Since I brought up the topic of the wild west at SteamCon, it seems fitting that I should speak about their theme, "American Steampunk." (The aspect of the genre based on the United States' wild West, not simply Americans who "do" steampunk!)
It pictures a steam-powered society without the constraints of corsets and monarchs; the well-defined class structure of the Victorian era was replaced with new strata of society and associated conflicts between those groups. Despite the difficulties that came with the country's growing pains, the American west allowed for almost unrestrained individualism. Steam-driven locomotives running on tracks stretching thousands of miles across an entire country enabled the settlers of the American West to venture far out into what was then the wilderness. When they arrive, the established a society fueled by entrepreneurial gusto. They believed that those who sought success could work hard and with a little luck, find it.
Societies all over the world made advances in the use of electricity, steam power, and more. Technology is often a result of ideas put into use during war. The Civil War in the United States brought about new inventions in several areas: sturdy and deadly guns aplenty, spy balloons, rudimentary aircraft and other "horseless" vehicles to transport people and supplies.
"Necessity is the mother of invention" could have been coined in those times, as well. People used what they had on hand to accomplish tasks in their daily lives. They did not have fancy stores to which to go and purchase items; at most, their town might have a general store for the most basic necessities of life, and everything else was made by individual craftsmen. If something broke or wore out, they fixed it themselves or had it repaired by a qualified craftsperson. This spirit of extending the useful life of items also lies at the heart of steampunk, which helps make the period a tidy fit for the genre.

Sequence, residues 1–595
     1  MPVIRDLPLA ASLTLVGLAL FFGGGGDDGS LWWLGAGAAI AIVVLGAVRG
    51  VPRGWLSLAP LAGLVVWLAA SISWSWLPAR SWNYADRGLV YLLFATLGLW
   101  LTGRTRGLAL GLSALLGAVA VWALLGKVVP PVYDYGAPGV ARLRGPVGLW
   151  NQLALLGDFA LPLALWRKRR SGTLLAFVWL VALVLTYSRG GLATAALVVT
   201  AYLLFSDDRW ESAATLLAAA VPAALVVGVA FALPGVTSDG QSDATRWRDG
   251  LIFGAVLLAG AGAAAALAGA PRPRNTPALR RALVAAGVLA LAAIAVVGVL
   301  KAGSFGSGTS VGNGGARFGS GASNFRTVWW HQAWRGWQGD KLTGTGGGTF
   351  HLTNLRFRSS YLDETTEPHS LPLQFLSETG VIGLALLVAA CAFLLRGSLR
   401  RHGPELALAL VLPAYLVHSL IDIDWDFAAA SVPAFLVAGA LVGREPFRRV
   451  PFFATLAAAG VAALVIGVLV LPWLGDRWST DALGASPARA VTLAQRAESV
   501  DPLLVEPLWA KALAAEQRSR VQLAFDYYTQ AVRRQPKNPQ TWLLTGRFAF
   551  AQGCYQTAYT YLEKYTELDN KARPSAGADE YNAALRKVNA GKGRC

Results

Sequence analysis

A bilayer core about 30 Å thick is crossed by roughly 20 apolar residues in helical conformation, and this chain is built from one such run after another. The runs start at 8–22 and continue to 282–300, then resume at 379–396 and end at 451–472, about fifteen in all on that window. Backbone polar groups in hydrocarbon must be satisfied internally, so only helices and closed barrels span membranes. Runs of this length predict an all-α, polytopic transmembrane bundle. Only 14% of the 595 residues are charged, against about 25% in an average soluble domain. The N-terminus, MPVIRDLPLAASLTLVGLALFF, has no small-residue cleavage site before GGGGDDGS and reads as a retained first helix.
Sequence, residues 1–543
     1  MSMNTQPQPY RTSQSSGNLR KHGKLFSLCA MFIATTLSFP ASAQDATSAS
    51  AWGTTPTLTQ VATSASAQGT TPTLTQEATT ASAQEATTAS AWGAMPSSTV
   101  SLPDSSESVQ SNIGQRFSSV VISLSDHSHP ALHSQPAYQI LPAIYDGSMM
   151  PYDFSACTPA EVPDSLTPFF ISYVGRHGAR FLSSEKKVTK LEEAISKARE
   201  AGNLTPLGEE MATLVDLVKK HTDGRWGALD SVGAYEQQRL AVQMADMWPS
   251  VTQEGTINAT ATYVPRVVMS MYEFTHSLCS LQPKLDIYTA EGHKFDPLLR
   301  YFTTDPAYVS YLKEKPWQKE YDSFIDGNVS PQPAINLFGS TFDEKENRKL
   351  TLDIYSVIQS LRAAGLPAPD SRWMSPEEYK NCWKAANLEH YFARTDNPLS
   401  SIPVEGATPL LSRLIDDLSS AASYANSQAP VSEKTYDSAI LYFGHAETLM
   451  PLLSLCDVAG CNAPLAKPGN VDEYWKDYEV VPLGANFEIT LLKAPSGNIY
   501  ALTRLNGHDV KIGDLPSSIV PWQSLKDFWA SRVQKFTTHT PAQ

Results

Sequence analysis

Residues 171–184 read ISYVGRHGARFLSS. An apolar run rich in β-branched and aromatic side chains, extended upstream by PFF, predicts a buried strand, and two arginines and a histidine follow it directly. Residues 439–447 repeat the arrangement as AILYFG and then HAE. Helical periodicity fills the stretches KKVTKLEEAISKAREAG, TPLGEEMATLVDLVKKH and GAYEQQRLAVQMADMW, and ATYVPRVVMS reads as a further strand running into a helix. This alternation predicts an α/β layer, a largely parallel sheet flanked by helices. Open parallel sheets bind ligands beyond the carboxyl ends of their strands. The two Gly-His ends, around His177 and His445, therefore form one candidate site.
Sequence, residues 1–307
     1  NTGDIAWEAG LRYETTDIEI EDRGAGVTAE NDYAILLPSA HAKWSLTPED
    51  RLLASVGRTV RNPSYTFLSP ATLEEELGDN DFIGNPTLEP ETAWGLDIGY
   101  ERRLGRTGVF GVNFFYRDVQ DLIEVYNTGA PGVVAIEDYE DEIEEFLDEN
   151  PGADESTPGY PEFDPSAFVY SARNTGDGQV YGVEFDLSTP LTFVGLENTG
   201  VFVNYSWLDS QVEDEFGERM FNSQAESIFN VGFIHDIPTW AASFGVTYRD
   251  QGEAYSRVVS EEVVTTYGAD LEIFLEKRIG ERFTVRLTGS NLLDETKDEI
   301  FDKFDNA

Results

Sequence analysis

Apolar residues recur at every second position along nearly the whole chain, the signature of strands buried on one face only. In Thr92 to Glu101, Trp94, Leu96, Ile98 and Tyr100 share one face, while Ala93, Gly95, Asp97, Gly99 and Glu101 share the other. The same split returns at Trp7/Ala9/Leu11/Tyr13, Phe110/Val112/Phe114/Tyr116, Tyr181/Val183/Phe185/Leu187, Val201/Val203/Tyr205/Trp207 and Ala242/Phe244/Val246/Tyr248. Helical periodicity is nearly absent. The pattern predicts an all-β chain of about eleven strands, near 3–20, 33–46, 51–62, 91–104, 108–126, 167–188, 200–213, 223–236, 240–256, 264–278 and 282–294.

If you want a connection of all three groups and places (wild west, native Americans, and Victorian England), Queen Victoria herself attended Buffalo Bill's Wild West Show when they ventured over to Europe for a bit in the 1880's; the show included native Americans and cowboys alike performing amazing acts of shooting and horsemanship.
About this time, cowboys (and girls!) and native Americans alike out West began to adopt some European fashion into their wardrobes. In the absence of Twitter and Facebook, it is possible that the performers of Wild Bill's show liked the the Victorian fashion aesthetic that they saw, and brought back some of it to the West.
The steampunk aspect comes into play when we delve into the history of that time and customize it to make something unique. It is a celebration of what was, and an imagination of what might have been if a society had built today's devices with their level of technology and understanding. This aspect of steampunk seems virtually untouched; I could find hardly any examples of it online, other than two large conventions coming up (SteamCon II and Wild West Con).
As for what people can actually create that would be considered American steampunk, the possibilities are limitless. Just take something from the wild, wild west and modify it to suit your desires along a steampunk aesthetic, and you're all set. Perhaps a steam-driven single-action revolver. A brass filigree tomahawk. Or a clockwork bridle for a horse. Limitless, I say!